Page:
I felt awkward in a suit. She felt awkward in a dress. We both felt awkward at a dance with other kids our age. She said I looked handsome. I didn’t believe her. I said she looked beautiful. She didn’t believe me.
The better half of prom we spent making revolving, pointless inside jokes with friends we had managed to grab a table with while everyone else wandered to and from either the line for food in heated trays or the large tiled dance floor. Friends of mine would come up and squeeze my shoulder and tell me to dance, motion to her, roll their eyes as we both laughed at the idea of either of us dancing.
Her hand felt soft and fragile in mine, her fingers tracing lines across the rough surface of my palm like a wet brush on dry paint. Our seats came closer. Our knees touched. I laced her fingers with mine. We built our cliche, like a well rehearsed, universally shared dream moment of intimacy. The music, the voices, the prodding finger in my ribs from the friend seated next to me, it all became the distant echoing heard inside a seashell.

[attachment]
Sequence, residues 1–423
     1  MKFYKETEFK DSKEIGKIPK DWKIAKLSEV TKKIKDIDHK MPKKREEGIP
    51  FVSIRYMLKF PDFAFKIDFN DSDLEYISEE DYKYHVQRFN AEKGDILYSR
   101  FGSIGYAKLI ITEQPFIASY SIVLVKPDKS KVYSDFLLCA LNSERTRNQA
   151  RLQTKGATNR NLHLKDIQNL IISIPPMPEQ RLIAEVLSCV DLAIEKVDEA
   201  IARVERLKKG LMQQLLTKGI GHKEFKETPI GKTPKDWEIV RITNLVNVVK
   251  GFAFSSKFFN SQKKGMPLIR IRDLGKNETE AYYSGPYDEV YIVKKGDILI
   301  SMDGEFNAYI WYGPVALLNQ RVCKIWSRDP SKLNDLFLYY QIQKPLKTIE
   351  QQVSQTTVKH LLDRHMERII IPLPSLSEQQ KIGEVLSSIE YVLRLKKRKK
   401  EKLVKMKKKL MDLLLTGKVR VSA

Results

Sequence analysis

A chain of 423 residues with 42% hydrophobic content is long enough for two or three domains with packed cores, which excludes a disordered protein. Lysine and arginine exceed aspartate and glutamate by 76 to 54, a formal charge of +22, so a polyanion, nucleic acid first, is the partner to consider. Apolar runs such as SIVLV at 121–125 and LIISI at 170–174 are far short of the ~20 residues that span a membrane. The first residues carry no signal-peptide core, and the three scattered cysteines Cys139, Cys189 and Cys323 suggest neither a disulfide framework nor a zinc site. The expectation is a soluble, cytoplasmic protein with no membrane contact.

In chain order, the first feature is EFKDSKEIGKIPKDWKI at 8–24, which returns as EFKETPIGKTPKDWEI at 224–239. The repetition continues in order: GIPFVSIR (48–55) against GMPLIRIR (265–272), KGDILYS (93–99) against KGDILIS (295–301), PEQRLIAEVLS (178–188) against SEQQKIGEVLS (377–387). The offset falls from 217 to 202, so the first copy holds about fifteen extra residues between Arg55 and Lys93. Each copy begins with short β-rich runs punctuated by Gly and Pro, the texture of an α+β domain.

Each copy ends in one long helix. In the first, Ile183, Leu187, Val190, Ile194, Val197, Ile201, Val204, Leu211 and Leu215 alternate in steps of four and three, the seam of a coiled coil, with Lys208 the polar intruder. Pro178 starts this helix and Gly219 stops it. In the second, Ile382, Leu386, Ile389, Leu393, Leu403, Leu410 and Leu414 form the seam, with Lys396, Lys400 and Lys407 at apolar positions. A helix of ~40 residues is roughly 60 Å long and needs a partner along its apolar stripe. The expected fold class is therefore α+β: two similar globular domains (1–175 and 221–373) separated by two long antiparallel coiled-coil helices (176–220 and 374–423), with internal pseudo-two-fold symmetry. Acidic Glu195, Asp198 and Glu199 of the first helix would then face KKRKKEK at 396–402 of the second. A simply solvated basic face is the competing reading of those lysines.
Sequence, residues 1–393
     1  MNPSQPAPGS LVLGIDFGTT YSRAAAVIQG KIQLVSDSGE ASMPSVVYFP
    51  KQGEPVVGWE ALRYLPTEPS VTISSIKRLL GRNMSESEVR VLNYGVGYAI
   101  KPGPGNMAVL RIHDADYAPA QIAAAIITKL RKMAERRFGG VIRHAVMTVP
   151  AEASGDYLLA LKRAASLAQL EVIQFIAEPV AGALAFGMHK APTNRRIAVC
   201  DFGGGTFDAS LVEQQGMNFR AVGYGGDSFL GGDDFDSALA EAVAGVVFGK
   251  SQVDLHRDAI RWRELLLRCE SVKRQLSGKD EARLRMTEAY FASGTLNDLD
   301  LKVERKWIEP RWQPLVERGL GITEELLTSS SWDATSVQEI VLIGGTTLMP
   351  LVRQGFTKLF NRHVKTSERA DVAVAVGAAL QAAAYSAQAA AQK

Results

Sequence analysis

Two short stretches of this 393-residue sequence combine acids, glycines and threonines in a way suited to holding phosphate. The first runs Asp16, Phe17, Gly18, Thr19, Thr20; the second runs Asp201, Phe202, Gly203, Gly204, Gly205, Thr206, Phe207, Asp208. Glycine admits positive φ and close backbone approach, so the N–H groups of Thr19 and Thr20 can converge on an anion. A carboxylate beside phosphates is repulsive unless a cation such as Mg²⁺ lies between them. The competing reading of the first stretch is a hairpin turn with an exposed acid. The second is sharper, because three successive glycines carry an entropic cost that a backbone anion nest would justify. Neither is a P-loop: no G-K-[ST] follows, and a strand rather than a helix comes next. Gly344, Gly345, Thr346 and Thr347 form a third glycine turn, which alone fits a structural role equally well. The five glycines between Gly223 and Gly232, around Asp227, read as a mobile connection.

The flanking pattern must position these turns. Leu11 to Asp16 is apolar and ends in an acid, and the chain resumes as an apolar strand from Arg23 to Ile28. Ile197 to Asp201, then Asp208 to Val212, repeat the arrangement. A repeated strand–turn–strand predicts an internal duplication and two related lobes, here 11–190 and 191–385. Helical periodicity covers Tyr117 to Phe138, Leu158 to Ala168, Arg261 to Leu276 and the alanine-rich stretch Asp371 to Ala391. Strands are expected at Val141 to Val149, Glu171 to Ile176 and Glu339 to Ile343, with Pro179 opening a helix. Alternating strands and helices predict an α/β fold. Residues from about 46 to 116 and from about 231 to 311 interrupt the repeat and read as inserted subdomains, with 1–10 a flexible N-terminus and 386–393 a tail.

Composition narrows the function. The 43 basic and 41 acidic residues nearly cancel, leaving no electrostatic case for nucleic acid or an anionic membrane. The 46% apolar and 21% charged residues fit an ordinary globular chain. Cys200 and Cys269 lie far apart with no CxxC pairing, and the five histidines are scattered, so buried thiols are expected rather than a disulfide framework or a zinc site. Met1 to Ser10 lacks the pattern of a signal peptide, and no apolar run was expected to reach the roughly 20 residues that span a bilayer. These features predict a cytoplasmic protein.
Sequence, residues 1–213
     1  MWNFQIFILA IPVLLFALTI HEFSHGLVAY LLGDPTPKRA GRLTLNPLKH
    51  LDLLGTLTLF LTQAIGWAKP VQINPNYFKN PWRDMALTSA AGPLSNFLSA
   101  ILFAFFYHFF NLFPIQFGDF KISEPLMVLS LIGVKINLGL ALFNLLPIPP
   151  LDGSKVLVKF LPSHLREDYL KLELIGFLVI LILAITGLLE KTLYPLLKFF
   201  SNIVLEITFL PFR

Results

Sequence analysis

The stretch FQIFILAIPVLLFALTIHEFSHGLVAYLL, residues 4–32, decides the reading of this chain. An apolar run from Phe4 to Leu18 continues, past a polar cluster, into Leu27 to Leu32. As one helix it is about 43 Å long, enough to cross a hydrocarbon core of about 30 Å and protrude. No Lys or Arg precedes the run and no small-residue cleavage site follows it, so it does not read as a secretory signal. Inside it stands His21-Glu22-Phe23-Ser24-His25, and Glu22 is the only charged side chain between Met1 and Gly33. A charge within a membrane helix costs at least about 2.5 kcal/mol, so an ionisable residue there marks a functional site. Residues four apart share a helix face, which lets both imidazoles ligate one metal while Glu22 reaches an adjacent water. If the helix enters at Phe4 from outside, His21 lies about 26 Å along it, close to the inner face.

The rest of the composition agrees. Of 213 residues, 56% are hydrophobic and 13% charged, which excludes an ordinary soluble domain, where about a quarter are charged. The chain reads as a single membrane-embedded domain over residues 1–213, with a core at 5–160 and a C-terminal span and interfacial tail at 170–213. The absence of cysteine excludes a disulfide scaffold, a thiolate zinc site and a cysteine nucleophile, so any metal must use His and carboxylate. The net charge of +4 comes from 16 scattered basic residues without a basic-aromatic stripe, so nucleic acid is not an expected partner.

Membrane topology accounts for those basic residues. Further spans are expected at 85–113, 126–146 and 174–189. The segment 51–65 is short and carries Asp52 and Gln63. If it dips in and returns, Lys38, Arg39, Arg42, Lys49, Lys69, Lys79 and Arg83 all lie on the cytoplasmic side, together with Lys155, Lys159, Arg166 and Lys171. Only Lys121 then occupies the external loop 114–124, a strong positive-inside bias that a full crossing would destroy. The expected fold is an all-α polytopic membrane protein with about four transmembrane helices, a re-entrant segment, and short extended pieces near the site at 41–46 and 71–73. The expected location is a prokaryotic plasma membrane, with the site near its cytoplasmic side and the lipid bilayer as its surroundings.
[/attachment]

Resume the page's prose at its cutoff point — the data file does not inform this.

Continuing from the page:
Eyes close. Lips meet. Hands clench. Skin ablaze in a rapidly spreading and cooling wave of some warm, almost sickening feeling that we make the youthful mistake of thinking is unique.
Again. My hand cups the side of her face, hers sets itself cautiously on my thigh. I feel the slight smearing of lipstick as we hold the kiss for a few moments longer than the last, barely noticeable, only knowable through contact, through feeling one another’s breath wash across our cheeks.
We press our foreheads together, another romantic gesture of ceremony neither of us questions. In the darkness of our far corner, I feel a few strands of her crimson hair fall and brush my nose. We both laugh.
Our breathing is almost shuddering as we continue to laugh an intimate laugh, one of either disbelief or total relief, as if some great ordeal had finally ended, or some difficult task finally overcome.